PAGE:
Entertainment Ones(LSE: ETO) shares have been on a wild ride this week. On Monday, the shares lost 14%. On Tuesday, the companys shares slumped 21% but today, the shares are rallying and have gained 11.4% at time of writing.
Entertainment One is rising today after the companys management attempted to reassure shareholders this morning. In a trading update, management announced that the group continues to trade in line with full-year earnings expectations. Whats more, the trading update reassured investors that the companycontinues to have confidence in its target of doubling the size of the business by 2020, with strong organic growth and carefully targeted acquisitions.
Alongside this positive statement, Entertainment One announced thatDarren Throop, chief executive had spent 183,000 buying just under 140,000 shares in the company during Tuesdays carnage.
However, while the director dealing and upbeat trading statement from Entertainment One have been received well by the market, they fail to address the underlying concerns that have weighed on the groups shares for the last six months.
Specifically, the market is concerned aboutEntertainment Ones lack of astable and predictable passage of trading. In other words, while the group has had some success with its childrens animation Peppa Pig, and thedistribution of zombie drama Fear the Walking Dead, the group is struggling to generate long-term sustainable growth. Granted, City analysts expectEntertainment Ones revenue to increase 3.4% year-on-year to 813m for the year ending 31/03/2016, but this is still 1.2% below the sales figure of 823m reported two years ago.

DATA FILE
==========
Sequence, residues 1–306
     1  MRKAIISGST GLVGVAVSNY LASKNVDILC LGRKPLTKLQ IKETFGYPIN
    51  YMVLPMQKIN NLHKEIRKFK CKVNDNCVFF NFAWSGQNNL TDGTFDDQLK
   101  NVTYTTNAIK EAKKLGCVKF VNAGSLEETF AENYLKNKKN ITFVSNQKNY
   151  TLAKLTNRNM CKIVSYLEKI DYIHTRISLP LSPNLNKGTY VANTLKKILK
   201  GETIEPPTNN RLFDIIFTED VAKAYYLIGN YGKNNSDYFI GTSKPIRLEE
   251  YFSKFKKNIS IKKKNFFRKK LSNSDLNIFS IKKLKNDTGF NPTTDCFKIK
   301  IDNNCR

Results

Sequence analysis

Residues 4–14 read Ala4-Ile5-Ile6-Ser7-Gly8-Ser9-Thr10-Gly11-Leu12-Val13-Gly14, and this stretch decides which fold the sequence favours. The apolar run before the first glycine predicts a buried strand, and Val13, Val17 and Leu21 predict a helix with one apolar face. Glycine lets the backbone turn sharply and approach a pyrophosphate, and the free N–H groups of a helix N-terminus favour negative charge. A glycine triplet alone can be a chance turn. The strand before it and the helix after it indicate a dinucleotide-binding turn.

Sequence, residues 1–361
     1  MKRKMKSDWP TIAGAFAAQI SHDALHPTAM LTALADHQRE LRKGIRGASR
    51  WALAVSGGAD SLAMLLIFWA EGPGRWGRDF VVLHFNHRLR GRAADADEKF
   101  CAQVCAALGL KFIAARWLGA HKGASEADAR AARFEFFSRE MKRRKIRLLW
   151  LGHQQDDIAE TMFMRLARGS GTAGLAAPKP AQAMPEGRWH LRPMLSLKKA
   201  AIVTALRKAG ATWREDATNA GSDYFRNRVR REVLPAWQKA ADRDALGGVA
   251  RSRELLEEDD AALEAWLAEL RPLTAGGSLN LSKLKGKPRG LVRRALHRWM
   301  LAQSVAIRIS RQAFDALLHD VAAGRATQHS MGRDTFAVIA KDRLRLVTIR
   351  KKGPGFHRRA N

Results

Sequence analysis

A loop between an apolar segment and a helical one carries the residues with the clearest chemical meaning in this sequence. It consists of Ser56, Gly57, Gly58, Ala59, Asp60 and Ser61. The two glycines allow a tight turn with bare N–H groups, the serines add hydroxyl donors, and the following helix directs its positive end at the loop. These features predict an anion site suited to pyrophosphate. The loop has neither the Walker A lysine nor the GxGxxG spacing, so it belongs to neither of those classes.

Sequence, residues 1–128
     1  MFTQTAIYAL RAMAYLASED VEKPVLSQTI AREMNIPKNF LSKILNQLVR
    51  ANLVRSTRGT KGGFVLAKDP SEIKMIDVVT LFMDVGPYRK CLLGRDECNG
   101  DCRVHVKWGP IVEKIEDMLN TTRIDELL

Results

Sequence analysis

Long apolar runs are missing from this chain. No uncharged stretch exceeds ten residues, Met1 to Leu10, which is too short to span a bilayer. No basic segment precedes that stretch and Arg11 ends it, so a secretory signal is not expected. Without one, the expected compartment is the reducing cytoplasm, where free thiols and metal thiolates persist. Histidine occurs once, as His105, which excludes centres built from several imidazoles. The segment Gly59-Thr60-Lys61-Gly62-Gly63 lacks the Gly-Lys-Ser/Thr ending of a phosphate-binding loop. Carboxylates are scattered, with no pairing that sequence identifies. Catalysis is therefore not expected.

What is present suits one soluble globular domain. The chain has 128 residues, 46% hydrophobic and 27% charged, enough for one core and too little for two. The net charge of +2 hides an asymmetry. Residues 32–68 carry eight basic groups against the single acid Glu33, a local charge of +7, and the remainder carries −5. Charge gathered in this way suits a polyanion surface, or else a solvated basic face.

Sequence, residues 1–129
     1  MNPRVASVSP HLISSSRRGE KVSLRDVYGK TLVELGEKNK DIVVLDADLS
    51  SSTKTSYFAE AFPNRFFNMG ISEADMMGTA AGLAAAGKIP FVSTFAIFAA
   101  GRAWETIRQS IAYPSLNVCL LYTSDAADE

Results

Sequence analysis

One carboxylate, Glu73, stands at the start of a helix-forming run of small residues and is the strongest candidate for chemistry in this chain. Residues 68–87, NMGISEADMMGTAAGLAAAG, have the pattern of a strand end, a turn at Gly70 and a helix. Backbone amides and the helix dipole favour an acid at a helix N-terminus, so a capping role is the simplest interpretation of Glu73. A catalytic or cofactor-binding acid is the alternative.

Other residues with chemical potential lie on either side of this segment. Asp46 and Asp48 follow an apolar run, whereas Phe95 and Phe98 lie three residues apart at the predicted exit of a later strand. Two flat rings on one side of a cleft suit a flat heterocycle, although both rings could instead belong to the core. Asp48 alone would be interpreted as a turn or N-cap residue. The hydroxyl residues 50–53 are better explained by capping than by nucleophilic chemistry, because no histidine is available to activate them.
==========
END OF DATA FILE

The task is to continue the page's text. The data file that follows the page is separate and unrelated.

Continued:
A more concerningmetric isEntertainment Ones rising cost of debt.The company announced on Friday that it is raising in 285m in new debt to replace existing facilities. This new seven-year debt will have an interest rate of6.9%. Entertainment Ones current debt has an interest rate of only 4.3%. The higher cost of debt could be a reflection of wider market trends, or it could indicate that debt investors dont trust the companys financial projections.
Whatever the case, its clear that debt investors are now more cautious about lending to Entertainment One than they have been in the past and its easy to see why. According to credit rating agency Moodys, at the end of the first quarterEntertainment Ones adjusted gross debt was about three-and-a-half times earnings before interest, taxation, depreciation and amortisation (EBITDA). A debt to EBITDA ratio of more than two is usually considered to be a cause for concern. The companys financing costs nearly doubled in the six months to September.
The bottom line
So overall,Darren Throop may be willing to put his money where his mouth is and back Entertainment One, but if you dont already own the companys shares, it might be wise to stay away. With debt increasing and no clear path for growth, Entertainment One is hardly a top pick for me.
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